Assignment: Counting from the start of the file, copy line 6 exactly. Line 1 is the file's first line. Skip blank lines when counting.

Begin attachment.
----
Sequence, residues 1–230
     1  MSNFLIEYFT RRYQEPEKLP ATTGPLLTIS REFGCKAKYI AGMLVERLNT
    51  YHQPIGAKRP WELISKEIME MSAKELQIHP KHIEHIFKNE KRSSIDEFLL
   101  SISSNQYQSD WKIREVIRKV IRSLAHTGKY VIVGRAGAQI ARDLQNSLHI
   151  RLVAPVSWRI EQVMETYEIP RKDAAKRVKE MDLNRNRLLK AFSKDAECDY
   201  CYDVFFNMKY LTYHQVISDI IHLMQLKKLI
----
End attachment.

   201  CYDVFFNMKY LTYHQVISDI IHLMQLKKLI